what does insturction LD.SH means?

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#1
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hi,

just got so confused about the LD.SH instruction,
from the description of this instruction:

Quote:

LD.SH – Load Sign-extended Halfword
Architecture revision:
Architecture revision1 and higher.
Description
Reads the halfword memory location specified and sign-extends it.
Operation:
I. Rd ← SE( *(Rp) );
Rp ← Rp + 2;
II. Rp ← Rp - 2;
Rd ← SE( *(Rp) );
III. Rd ← SE( *(Rp + (ZE(disp3) << 1)) );
IV. Rd ← SE( *(Rp + (SE(disp16)));
V. Rd ← SE( *(Rb + (Ri << sa2));

Does it means read a halfword from a memory location and sign-extends it?

and what does this code means?

ld.sh	r0,r0[0x0]

Cheng

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Yes, it means what you think it means. In the instruction set descriptions, SE() means Sign Extend and ZE() means Zero Extend.

"ld.sh r0, r0[0x0]" means "Load the halfword (16 bits) located at the address (r0 + 0), sign-extend it, and store the result in r0."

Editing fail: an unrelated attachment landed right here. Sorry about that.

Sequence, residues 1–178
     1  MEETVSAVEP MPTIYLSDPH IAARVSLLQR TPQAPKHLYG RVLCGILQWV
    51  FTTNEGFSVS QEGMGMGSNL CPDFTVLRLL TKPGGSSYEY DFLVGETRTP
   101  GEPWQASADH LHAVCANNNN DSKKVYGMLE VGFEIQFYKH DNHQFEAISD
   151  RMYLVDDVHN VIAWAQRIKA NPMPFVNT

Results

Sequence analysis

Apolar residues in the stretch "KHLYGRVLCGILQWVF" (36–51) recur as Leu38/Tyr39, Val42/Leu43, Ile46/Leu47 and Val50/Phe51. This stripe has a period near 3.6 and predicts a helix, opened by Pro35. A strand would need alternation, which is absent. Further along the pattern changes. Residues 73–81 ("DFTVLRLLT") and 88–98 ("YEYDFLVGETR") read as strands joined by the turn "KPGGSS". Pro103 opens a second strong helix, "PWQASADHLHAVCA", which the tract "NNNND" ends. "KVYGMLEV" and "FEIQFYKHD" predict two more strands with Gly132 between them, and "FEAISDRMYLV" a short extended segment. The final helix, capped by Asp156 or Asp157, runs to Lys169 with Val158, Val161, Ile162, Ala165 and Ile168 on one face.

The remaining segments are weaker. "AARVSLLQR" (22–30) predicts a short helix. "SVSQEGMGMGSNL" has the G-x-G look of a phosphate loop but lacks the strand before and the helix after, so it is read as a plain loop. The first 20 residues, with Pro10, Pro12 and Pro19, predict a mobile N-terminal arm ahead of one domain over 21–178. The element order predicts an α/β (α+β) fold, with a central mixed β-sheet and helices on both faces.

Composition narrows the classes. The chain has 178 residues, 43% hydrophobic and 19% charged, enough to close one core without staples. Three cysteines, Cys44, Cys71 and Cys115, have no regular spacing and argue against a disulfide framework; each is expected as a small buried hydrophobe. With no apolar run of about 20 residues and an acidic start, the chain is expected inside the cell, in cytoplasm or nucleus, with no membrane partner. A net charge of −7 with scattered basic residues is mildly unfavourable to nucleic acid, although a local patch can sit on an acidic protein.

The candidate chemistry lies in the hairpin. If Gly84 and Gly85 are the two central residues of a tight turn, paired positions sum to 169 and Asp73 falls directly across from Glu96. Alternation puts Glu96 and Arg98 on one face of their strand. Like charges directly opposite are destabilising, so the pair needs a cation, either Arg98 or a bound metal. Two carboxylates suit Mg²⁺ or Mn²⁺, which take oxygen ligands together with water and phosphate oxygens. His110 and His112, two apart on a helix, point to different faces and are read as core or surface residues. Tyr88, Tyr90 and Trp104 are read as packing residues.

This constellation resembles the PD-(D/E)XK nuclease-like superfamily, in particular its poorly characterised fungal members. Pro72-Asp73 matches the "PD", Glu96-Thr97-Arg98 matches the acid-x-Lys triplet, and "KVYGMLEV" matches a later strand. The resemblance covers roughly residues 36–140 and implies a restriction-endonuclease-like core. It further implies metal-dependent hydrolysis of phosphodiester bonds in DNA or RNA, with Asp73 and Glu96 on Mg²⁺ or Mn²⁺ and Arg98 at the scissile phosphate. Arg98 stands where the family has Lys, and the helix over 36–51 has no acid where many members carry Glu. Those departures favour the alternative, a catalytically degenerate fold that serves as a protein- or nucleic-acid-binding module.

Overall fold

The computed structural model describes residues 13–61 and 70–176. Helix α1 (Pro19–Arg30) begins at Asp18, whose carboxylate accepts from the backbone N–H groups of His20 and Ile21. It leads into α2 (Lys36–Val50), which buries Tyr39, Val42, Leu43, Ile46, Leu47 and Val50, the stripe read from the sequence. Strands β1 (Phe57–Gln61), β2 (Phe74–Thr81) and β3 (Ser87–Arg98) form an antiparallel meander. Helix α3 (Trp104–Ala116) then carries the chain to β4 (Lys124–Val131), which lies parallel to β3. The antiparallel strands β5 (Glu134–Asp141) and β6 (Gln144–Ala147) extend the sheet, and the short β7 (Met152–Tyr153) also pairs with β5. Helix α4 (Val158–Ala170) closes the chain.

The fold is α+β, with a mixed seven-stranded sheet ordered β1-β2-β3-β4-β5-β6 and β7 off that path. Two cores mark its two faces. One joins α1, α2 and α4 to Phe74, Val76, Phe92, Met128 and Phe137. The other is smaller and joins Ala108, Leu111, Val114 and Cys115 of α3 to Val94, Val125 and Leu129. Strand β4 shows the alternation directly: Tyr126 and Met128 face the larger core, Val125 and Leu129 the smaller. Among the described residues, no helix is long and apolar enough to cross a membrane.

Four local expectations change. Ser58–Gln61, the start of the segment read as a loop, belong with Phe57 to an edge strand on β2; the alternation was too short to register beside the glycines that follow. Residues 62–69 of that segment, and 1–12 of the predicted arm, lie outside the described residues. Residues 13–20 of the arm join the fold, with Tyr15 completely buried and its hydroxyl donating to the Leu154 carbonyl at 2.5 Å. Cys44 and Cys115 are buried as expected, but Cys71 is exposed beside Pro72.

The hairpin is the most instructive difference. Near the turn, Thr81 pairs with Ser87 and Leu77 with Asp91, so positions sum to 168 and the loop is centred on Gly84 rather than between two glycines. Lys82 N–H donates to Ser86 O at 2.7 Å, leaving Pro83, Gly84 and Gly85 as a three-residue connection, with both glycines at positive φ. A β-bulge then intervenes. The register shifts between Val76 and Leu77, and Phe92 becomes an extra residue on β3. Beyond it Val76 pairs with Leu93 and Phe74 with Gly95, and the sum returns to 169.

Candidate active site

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ok, then what's the initial value in r0 at the following code?

80000000 <_trampoline>:
80000000:	e0 8f 10 00 	bral	80002000 
	...

80002000 :
80002000:	48 1f       	lddpc	pc,80002004 
80002002:	00 00       	add	r0,r0
80002004:	80 00       	ld.sh	r0,r0[0x0]
80002006:	23 b4       	sub	r4,59

Is it 0? if it is, then this "add r0,r0" did nothing, right?
And this "ld.sh r0,r0[0x0]" read the memeory address 0x00000000 into r0, right? So what's is inital value in memeory location 0x00000000 then?

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ok, I got the right answer from another post.
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